Not everything, however, needs to be a study in contrasts. What birthday cake is to kids, arancini ($10) is to adults: all-out hardcore indulgence. Texas might deep-fry butter and bacon but their state fair fare is simply derivative; Italians have been deep-frying rice and cheese for centuries and it never gets old. Tomato sauce is the requisite chaser — they might as well serve it in a shot glass — because its job is to wash the palate clean enough to eat the second of the pair. On the more demure side, the beef carpaccio ($14) is entirely bright from start to finish. The amalgam of sliced tenderloin, spicy arugula, truffle and lemon is the art of the country: classic, bright and brilliantly minimal.

To be honest, it can be challenging to locate the bites that speak with that level of intensity. The menu is large and the wine list far larger. Getting through it all with any kind of mindfulness is impossible unless you claim a table three nights a week. It’s also not unusual for the most compelling discoveries to be hiding in plain sight. Crispy duck confit ($28), for example, meanders from traditional Italian though it’s executed like a native language. The best part of the dish, however, is the fig-walnut ravioli resting under the duck legs and shrouded by a cream sauce. Sweet ravioli may be commonplace but this version — crunchy with nuts and fruit — is as good as it gets. The same holds true for sauteed halibut, a special that is perfectly fine on its own but the sweet pea sauce beneath it — made all the more sweet juxtaposed with a chorizo hash — sits in the memory long after the meal.


Photography by Angel Tucker.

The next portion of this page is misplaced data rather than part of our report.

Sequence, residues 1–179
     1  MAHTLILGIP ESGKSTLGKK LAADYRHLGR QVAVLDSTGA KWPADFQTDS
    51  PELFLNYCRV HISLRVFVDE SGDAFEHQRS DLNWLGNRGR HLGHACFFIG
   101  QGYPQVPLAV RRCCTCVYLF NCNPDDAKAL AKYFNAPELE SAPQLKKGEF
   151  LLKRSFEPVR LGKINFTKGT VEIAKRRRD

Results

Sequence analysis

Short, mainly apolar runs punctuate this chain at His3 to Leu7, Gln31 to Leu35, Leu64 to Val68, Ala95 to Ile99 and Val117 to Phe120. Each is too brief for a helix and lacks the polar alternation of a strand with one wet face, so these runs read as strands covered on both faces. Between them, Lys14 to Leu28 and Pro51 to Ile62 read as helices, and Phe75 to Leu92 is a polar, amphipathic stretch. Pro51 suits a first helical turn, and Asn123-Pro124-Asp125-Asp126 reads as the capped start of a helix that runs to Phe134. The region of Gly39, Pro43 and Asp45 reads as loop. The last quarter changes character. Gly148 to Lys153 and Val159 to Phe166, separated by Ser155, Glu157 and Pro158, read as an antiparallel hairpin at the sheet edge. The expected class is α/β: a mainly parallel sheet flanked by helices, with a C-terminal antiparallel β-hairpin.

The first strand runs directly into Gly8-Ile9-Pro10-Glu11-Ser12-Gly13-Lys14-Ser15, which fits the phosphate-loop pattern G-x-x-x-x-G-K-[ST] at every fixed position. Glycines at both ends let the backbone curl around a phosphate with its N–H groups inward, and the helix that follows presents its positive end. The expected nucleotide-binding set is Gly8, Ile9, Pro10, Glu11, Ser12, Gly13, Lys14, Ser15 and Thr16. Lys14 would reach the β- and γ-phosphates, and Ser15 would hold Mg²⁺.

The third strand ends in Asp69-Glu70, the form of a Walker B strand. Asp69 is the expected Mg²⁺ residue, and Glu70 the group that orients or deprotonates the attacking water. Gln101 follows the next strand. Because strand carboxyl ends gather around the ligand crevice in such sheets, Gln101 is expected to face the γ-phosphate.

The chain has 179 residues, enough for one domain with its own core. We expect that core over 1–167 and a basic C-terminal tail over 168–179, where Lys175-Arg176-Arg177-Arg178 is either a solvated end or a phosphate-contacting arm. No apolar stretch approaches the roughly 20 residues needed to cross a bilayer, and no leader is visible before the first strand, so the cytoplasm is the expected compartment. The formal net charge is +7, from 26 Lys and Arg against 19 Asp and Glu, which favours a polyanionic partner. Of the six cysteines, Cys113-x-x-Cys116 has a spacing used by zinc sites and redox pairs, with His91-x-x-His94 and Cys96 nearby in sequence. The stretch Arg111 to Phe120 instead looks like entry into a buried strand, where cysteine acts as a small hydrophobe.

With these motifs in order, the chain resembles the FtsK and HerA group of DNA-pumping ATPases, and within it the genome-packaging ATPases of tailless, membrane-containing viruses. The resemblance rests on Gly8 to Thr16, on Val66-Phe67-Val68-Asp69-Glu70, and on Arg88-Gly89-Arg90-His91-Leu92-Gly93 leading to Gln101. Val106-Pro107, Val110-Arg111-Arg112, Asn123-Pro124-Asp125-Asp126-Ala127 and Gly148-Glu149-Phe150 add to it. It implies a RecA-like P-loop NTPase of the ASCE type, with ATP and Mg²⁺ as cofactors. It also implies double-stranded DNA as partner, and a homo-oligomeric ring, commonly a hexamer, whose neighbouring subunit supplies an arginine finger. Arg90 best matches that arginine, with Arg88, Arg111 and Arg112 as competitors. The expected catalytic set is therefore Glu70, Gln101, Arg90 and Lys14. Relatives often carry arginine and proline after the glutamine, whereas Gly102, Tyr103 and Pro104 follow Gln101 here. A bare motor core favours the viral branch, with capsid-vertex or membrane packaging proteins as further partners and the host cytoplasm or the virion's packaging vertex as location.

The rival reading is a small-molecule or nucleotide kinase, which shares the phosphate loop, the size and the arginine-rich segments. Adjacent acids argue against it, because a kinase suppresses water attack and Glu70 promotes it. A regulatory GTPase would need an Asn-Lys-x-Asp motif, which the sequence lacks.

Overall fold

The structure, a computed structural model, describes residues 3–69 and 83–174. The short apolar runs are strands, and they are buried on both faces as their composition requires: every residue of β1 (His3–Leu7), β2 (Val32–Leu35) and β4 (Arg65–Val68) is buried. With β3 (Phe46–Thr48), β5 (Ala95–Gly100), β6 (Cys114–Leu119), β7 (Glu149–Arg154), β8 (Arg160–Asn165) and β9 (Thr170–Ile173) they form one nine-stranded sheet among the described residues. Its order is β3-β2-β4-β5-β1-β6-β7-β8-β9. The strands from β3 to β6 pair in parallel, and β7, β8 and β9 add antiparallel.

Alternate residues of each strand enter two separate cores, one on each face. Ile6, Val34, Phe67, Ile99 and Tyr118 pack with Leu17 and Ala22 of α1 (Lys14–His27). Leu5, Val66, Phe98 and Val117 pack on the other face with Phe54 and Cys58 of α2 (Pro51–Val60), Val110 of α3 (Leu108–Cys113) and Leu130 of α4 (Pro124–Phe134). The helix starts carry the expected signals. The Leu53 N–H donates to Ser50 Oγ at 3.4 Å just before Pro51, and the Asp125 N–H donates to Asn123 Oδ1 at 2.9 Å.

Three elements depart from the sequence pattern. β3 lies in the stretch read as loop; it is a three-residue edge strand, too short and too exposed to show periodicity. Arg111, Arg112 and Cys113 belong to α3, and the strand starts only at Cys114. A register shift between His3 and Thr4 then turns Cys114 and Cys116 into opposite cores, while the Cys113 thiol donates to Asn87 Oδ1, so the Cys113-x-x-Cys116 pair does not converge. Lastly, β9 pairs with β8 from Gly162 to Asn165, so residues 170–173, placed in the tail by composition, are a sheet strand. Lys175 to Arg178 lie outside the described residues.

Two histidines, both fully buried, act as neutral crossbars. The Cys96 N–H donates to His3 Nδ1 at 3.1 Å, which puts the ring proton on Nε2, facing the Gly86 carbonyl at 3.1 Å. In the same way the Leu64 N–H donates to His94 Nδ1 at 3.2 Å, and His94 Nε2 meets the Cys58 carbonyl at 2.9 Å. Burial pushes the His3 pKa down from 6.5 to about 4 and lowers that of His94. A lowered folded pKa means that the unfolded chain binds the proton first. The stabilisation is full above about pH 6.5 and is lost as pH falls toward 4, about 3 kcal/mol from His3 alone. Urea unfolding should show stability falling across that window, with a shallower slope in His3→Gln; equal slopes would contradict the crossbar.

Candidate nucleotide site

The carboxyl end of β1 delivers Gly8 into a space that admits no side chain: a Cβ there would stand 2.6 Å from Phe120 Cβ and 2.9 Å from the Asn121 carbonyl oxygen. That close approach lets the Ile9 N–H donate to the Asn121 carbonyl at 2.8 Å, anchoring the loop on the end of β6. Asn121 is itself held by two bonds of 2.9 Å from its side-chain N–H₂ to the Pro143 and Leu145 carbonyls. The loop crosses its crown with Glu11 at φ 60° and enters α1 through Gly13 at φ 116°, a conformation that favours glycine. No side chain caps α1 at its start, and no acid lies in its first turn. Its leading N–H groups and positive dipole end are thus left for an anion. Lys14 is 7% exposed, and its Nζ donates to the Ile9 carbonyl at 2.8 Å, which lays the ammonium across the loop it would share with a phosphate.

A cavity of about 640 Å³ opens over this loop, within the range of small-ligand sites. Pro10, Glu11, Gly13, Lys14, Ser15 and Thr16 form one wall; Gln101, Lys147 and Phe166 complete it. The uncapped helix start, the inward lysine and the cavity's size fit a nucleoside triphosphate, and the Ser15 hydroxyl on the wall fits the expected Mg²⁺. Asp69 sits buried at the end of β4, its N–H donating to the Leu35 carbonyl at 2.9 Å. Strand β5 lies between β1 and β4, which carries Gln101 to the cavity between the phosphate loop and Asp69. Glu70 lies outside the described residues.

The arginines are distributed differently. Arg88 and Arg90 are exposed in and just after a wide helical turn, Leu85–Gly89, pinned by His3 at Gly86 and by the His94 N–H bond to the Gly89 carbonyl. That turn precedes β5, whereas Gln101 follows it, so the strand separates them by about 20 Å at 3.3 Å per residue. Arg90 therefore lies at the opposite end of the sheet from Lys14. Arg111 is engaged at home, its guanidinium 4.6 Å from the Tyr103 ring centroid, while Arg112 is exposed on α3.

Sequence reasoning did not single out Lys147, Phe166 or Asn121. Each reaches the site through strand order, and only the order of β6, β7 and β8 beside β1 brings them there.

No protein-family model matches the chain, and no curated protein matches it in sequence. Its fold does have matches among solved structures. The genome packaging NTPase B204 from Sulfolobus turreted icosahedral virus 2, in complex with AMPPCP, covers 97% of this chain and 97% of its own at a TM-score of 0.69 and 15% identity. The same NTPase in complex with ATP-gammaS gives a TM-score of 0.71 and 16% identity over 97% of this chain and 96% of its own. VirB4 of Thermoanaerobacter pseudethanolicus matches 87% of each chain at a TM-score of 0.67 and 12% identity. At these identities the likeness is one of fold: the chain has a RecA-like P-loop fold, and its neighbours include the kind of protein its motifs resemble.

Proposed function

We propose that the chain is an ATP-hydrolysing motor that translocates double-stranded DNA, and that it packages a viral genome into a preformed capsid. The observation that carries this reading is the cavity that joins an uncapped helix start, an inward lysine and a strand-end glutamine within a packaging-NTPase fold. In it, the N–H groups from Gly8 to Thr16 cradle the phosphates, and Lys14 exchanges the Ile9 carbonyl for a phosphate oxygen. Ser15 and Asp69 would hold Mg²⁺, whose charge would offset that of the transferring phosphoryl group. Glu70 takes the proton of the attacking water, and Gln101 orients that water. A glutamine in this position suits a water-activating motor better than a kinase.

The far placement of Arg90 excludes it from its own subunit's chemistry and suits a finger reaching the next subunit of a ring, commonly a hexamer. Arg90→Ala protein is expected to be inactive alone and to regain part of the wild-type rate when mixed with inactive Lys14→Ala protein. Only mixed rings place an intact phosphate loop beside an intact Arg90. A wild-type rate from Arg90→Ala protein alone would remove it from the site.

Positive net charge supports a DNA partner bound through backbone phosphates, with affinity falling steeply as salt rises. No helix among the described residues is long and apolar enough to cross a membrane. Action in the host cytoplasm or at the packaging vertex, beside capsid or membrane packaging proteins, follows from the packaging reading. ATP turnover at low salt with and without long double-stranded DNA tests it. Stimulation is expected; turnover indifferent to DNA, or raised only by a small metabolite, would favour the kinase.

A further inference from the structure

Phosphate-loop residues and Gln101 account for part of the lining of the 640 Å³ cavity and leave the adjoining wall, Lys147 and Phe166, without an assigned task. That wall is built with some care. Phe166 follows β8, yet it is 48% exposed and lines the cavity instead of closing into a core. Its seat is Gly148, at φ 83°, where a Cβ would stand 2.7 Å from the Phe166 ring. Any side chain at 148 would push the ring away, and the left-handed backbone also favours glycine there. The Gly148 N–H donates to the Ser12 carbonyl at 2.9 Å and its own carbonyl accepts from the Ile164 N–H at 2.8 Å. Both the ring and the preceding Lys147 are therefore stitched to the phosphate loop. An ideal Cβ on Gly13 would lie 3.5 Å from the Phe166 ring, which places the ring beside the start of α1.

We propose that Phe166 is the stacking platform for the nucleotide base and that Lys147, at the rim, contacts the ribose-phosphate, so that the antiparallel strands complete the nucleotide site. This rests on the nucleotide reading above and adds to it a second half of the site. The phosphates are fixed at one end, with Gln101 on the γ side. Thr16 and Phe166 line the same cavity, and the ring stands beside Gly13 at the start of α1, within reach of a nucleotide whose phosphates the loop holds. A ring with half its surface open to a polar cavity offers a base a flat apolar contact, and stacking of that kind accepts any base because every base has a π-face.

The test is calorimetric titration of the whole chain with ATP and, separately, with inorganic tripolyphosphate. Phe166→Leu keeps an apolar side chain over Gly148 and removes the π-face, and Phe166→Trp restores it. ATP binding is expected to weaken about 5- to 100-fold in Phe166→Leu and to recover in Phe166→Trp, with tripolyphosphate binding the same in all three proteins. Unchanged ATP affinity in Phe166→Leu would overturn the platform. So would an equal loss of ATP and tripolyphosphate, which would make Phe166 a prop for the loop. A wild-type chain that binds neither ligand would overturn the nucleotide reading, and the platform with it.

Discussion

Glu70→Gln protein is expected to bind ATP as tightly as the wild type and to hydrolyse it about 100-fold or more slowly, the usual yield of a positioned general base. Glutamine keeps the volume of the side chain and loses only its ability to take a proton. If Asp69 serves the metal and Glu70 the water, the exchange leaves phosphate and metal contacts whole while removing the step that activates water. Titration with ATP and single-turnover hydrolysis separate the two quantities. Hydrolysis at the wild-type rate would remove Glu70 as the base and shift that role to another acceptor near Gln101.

The kitchen is so adept that it’s almost a shame to focus on the Frisbee-sized veal parmesan. We should be able to look past something so ubiquitous; we should be able to move on to more complex offerings. If only. If only someone would come up with a better version, you’d eagerly refocus. That’s Carmine’s veal parm ($27). It can’t get any better.

Dessert doesn’t even try to outgrow its roots. The menu is a plethora of sweetened cheeses — ricotta cheesecake, cannoli, tiramisu — that assert themselves nostalgically. Even the creme brulee announces itself publicly as the air fills with the scent of torched sugar, an event that causes one young diner to lift his nose to the ceiling and shout, “that’s mine!”

So while there are plenty of novel opportunities at Carmine’s, in the reassuring shadow of 200-year-old stone walls and the aura of the Tuscan countryside, no one’s in too much of a hurry to leave the past behind. Memory, after all, can be as powerful as foresight.


Cosce d’anatra confit (crispy duck legs, fig and walnut ravioli, sherry cream). Photography by Angel Tucker.

72 North Water St., New Bedford, Massachusetts, 508-999-5555,
Open seven days a week. Reservations for parties of six or more. Wheelchair accessible. Lot parking.
Cuisine Italian.
Capacity More than 100 with an open patio.
Vibe A federal fortress taken over by hungry Italians.
Prices Appetizers $7–$14; entrees: $16–$39; dessert: $8.
Karen’s Picks Polpetta grande (the massive meatball). Beef carpaccio, arancini, veal parmesan, steaks, pasta.

Fair  ✱✱Good  ✱✱✱Very Good  ✱✱✱✱Excellent  Half-star